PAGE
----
Hewlett Packard (HP) has announced that it plans on saving around £2 billion by axing 27, 000 jobs.

HP are the worlds largest maker of personal computers and the reduction in staff will account for about eight per cent of their total workforce. They currently have workers in one hundred and eighty countries, 20, 000 of which are based in the UK. HP is yet to confirm where they will be cutting down on staff. "We have not yet announced specific plans with regards to specific locations. We do expect the workforce reduction to impact just about every business and region," a spokesman said.

The cuts are planned to take place by the end of 2014. There are six UK sites in Bracknell, London, Bristol, Warrington, Erskine and Belfast. This reduction in staff will represent their biggest to date, with their last major reduction occurring in 2008. The company's CEO, Meg Whitman, has expressed her sadness over the need for this 'realignment', but explains that these cuts are needed now as a part of a wider scheme. The scheme aims to ensure that HP maintains competitiveness in a market now dominated by smart phones and tablet devices. In that sense, the cuts are smart if they can in the long run ensure that less people overall lose their job. HP should try, however, to ensure that the money they save from these job cuts is put to good use.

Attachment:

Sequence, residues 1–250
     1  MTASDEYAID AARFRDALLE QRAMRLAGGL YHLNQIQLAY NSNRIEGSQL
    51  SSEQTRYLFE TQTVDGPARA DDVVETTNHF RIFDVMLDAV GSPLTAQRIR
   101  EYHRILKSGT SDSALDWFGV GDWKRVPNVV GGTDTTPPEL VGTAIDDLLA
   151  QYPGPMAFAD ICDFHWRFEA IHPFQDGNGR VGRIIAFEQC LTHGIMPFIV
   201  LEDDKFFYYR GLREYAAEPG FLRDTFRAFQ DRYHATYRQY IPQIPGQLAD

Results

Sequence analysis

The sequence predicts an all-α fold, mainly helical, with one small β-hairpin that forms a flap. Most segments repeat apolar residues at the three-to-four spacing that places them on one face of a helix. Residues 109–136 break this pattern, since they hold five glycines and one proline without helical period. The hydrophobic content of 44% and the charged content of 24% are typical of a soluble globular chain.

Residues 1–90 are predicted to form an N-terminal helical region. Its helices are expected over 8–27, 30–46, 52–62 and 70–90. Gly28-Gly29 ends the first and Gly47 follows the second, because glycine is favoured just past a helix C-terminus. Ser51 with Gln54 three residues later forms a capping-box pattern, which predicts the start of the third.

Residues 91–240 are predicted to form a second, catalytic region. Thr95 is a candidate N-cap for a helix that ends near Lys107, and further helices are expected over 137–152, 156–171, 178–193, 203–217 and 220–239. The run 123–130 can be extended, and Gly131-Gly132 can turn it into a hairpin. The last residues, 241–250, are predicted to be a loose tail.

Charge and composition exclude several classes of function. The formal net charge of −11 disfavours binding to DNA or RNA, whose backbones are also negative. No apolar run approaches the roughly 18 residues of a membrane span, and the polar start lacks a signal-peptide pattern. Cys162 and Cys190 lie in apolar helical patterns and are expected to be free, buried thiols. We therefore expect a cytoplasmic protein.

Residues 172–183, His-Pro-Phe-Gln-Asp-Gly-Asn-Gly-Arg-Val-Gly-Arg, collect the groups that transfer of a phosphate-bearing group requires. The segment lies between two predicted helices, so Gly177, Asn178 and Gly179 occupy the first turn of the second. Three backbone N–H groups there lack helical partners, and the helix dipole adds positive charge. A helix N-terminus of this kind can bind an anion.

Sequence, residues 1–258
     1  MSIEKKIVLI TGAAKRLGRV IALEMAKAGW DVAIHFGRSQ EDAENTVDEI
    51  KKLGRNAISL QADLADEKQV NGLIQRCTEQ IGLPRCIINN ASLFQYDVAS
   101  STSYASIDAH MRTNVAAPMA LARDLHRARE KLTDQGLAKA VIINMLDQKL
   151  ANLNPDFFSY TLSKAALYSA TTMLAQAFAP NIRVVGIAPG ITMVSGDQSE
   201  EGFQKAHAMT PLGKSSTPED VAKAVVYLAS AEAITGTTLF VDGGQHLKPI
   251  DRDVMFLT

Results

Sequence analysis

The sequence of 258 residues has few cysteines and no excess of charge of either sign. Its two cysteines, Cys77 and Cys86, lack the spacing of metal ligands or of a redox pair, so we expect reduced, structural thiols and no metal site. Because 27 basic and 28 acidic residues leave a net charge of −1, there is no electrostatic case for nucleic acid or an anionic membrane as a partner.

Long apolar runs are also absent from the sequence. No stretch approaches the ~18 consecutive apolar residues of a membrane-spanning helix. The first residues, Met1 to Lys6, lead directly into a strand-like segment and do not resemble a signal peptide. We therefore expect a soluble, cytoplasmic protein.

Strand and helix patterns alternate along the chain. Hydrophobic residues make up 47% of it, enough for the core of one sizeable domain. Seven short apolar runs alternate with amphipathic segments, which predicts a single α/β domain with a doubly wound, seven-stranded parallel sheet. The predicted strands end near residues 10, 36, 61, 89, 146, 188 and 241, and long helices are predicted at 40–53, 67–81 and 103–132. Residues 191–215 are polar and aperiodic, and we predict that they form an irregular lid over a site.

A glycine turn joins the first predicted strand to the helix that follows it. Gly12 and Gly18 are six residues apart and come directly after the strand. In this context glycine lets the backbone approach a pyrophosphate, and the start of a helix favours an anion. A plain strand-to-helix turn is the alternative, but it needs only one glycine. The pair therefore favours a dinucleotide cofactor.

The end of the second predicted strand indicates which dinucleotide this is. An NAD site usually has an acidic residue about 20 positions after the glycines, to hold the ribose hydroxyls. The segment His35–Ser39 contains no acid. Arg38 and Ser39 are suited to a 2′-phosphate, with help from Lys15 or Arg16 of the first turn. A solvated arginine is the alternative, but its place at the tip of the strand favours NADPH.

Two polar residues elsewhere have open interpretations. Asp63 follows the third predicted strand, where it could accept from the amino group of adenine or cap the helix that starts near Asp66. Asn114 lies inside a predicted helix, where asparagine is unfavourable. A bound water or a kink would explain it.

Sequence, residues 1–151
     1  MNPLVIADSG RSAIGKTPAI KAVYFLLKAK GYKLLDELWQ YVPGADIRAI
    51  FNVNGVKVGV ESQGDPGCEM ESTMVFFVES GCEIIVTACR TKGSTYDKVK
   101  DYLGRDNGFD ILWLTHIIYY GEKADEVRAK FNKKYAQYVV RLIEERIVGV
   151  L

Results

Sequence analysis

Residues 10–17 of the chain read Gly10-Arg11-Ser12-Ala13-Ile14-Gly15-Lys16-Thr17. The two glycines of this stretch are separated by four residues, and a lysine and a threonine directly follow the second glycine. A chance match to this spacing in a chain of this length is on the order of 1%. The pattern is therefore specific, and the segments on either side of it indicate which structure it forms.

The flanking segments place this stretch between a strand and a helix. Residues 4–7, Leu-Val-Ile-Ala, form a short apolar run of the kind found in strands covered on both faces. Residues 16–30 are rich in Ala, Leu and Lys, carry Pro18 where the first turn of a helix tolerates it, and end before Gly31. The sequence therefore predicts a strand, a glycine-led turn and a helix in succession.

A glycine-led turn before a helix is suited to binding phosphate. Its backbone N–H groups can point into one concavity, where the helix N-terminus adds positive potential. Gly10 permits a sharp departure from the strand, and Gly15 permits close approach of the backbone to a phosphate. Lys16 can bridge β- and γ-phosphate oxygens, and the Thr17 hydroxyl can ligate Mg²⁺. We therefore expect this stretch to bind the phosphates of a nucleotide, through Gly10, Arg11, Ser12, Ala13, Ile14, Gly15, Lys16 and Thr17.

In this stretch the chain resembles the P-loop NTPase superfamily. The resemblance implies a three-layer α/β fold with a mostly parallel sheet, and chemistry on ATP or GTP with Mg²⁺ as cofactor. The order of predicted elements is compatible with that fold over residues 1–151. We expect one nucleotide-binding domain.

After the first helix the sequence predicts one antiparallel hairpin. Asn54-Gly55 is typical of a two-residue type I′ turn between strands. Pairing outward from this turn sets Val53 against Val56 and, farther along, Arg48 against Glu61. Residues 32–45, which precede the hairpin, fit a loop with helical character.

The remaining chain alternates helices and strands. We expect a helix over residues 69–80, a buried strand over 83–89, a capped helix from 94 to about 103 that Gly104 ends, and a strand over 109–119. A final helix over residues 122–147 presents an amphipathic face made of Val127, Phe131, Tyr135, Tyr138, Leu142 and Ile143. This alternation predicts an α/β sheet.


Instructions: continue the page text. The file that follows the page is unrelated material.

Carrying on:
HP is making the cut with regret and as such hopes to reduce the number of redundancies that will have to be made. It is aiming to mitigate the redundancy numbers by offering early retirement settlements. Unfortunately, this is just an action that they have to take. Having assessed their business it was clear to them that extra staff represented a big 'cost bucket'. They have to go after these cost buckets if they intend to continue to compete in the market. Whitman explained that the company was "going after the big cost buckets", and that savings from the restructure would be reinvested in developing technologies. "These initiatives build upon our recent organisational realignment, and will further streamline our operations, improve our processes, and remove complexity from our business," she explained.

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